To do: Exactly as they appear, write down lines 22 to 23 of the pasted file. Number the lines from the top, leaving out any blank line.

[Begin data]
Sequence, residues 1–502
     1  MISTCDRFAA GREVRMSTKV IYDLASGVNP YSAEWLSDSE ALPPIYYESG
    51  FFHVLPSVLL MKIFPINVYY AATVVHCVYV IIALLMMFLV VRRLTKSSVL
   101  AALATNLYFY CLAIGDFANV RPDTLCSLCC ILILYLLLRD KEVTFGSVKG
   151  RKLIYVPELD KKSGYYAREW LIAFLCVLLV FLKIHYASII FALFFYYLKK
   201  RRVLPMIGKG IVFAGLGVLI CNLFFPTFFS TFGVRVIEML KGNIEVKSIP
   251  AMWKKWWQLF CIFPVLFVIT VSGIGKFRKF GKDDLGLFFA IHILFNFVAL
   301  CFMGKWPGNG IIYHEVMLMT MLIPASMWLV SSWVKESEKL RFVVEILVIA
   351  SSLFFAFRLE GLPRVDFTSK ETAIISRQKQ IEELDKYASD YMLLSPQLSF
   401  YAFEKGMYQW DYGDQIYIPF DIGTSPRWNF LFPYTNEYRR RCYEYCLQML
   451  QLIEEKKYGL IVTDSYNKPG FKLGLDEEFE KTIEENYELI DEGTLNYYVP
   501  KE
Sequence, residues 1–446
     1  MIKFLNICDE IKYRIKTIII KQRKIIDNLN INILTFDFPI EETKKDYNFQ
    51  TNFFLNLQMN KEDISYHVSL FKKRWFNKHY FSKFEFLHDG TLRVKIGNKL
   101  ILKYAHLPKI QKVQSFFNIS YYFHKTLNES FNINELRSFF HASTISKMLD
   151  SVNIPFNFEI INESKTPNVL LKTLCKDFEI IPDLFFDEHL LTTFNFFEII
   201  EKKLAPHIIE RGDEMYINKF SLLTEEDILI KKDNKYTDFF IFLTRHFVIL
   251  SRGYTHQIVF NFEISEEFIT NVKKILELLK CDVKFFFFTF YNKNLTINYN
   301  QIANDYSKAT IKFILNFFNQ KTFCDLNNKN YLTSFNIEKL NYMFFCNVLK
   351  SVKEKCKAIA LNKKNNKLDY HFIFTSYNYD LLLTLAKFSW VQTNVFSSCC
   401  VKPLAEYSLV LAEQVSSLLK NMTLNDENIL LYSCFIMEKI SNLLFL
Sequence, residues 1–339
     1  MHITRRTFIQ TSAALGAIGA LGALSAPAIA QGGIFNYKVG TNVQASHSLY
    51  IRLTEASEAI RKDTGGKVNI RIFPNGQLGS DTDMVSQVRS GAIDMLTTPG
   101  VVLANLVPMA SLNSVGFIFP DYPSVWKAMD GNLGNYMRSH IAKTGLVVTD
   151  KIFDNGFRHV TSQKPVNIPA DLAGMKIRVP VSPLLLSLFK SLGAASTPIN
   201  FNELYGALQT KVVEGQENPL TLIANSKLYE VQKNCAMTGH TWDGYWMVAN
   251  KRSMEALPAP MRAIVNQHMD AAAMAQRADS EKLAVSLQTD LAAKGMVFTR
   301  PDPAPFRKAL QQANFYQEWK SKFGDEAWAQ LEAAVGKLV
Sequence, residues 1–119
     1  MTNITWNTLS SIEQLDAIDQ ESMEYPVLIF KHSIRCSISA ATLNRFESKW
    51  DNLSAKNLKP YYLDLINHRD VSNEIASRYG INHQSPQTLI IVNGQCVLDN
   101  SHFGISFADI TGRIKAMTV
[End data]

   401  VKPLAEYSLV LAEQVSSLLK NMTLNDENIL LYSCFIMEKI SNLLFL
Sequence, residues 1–339